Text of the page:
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The Vikings

Course Times & Enrolment

Thursdays from 18th April 2024 (Code AC035-301) Thursdays from
18th April 2024 6:30pm - 8:20pm • (10 classes)
LG49 Paterson's Land, Holyrood Campus • Tutor: Kristian L. R. Pedersen BIS FSA Scot
This course is now closed for enrolments

Course Summary

The Viking Age remains enigmatic because of the diversity of the evidence and the complex inter-relationships between the Scandinavians and the indigenous peoples whom they encountered. This course introduces the main themes of Viking settlement, economy, religion, maritime technology, and exploration. A variety of archaeological sites in Scotland will be considered in detail.

This course includes a visit to the National Museum of Scotland.

Course Details

Pre-requisites for enrolment

No previous knowledge required.

Content of Course

1. Sources for Viking Age research (& introduction to the course)

Different types of written evidence. Archaeological remains and dating techniques. Anthropological comparisons.

2. The Vikings - Introduction

Who were the Vikings? How and when did the Viking Age start? Viking society. Viking artefacts.

3. Viking Economy

Why did the Vikings go raiding? Gift giving and traditional forms of exchange. Silver hoards. The development of a market economy.

4. The Vikings in Scandinavia

Settlement sites and other finds. Burials and religion. Early trading towns.

5. The Vikings in Scotland

Settlement sites and other finds. Burials and religion. Interaction with the local population.

6. The Vikings and the Picts in Orkney

Settlement evidence from Orkney. Who were the Picts? War and peace theories.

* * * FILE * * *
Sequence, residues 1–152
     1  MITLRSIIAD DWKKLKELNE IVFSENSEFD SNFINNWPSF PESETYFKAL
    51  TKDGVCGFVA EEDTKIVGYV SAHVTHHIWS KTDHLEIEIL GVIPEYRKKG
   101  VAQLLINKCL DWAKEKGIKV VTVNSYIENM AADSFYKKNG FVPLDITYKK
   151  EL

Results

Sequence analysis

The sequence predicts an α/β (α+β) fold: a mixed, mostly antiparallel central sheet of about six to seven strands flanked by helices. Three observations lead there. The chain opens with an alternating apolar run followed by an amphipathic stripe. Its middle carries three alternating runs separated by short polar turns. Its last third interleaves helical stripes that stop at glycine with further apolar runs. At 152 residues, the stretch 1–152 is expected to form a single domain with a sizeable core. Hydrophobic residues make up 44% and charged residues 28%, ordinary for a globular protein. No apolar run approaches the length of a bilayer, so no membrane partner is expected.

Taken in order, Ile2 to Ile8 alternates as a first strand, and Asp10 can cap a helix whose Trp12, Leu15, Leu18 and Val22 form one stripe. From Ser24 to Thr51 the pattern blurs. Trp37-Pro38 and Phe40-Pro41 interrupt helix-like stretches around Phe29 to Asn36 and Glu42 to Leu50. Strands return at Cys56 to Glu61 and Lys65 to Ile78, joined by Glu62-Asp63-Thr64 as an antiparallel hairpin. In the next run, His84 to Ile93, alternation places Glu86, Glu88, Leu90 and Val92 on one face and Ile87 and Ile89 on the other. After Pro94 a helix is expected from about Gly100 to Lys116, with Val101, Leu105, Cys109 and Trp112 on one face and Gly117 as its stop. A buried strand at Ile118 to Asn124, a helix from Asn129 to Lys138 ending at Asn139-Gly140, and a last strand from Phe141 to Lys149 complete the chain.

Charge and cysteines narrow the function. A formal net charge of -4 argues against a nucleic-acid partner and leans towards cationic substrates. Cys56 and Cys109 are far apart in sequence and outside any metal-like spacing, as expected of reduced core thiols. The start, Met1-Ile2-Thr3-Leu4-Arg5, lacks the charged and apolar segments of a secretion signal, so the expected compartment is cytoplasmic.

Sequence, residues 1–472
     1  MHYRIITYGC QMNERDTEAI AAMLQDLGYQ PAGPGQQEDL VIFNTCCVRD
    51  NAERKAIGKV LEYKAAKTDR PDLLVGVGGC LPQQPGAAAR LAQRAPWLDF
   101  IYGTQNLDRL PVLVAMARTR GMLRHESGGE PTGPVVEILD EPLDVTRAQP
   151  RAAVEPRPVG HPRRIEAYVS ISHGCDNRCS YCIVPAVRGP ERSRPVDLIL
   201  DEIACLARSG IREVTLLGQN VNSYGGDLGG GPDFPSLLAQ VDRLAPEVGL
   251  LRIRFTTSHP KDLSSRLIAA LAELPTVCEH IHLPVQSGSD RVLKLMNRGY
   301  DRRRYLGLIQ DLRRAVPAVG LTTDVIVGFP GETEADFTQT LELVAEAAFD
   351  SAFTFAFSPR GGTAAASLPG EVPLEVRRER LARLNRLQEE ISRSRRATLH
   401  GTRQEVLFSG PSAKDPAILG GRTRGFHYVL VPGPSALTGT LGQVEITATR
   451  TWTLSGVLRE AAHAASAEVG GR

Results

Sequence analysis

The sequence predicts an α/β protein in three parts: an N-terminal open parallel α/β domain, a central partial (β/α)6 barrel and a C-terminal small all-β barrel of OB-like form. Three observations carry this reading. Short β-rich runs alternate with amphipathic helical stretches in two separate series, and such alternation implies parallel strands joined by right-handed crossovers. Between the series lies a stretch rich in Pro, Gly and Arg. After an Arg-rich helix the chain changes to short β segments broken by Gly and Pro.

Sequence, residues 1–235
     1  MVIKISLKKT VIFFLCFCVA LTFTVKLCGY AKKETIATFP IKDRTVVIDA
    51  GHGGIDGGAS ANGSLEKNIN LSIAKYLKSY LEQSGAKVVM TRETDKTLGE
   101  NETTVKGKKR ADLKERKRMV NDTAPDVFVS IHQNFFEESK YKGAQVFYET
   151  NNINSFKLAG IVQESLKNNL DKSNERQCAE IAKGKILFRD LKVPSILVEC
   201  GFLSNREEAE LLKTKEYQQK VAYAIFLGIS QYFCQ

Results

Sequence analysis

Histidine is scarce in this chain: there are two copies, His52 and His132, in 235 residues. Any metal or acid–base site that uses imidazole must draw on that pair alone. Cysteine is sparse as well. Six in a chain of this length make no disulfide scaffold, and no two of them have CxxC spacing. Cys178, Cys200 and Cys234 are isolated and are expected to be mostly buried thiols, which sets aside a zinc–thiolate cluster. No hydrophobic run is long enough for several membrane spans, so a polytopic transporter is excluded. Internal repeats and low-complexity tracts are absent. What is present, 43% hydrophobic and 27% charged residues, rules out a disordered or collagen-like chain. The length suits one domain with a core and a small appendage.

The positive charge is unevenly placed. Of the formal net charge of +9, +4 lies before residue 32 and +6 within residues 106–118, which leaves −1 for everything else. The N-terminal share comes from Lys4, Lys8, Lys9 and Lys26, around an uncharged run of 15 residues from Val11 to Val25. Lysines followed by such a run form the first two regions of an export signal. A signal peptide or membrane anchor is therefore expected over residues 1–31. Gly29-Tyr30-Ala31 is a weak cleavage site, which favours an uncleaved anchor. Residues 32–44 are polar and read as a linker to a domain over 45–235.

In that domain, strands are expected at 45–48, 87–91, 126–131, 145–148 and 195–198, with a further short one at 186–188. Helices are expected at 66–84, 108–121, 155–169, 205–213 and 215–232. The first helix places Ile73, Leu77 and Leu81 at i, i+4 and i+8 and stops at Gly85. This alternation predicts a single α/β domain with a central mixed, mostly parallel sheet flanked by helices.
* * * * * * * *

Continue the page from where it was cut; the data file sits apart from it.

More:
7. The Vikings in England and Ireland

Early raids. Settlement. York and Dublin. Finds and settlements.

8. Viking Colonies further afield

Iceland. Greenland. America. Russia and the East.

9. Vikings at the National Museum of Scotland

Discussion of the Vikings-related holdings at the National Museum.

10. The end of the Viking Age

Why did the Viking Age end? What did the Vikings contribute to our society? How have the Vikings been portrayed in modern times? Summing up.

Teaching method(s)

Lecture based with class discussion.

Learning outcomes

By the end of this course, students should be able to:

  • Describe the Vikings’ archaeological monuments, burial practices, house types, economy and religion;

  • Name the most important archaeological sites from this time period;

  • Discuss the Viking raids and settlement abroad;

  • Discuss the impact the Vikings have had on modern European culture.


Core Readings


  • Backlund, J., 2001. "War or Peace? The Relations between the Picts and the Vikings in Orkney." Northern Studies Vol. 36, p. 33-48. (handed out in class).

  • Graham-Campell, J. and Batey, C.E.,1998. Vikings in Scotland: An Archaeological Survey. Edinburgh University Press.

  • Smith, B. The Picts and the Martyrs or Did Vikings Kill the Native Population of Orkney and Shetland? Northern Studies Vol. 36, p. 7-32. (handed out in class).


  • Carver, M. 1999 or 2005 edition. Surviving in Symbols: a visit to the Pictish Nation. Birlinn Ltd.

  • Richards, J., 2005. The Vikings: A Very Short Introduction. Oxford University Press.

  • Ritchie, A.,1993. Viking Scotland. B.T. Batsford Ltd and Historic Scotland.

Web Sources


Class Handouts

Handouts will be provided.


If you have questions regarding the course or enrolment, please contact COL Reception at Paterson's Land by email or by phone 0131 650 4400.

Student support

If you have a disability, learning difficulty or health condition which may affect your studies, please let us know by ticking the 'specific support needs' box on your course application form. This will allow us to make appropriate adjustments in advance and in accordance with your rights under the Equality Act 2010. For more information please visit the Student Support section of our website.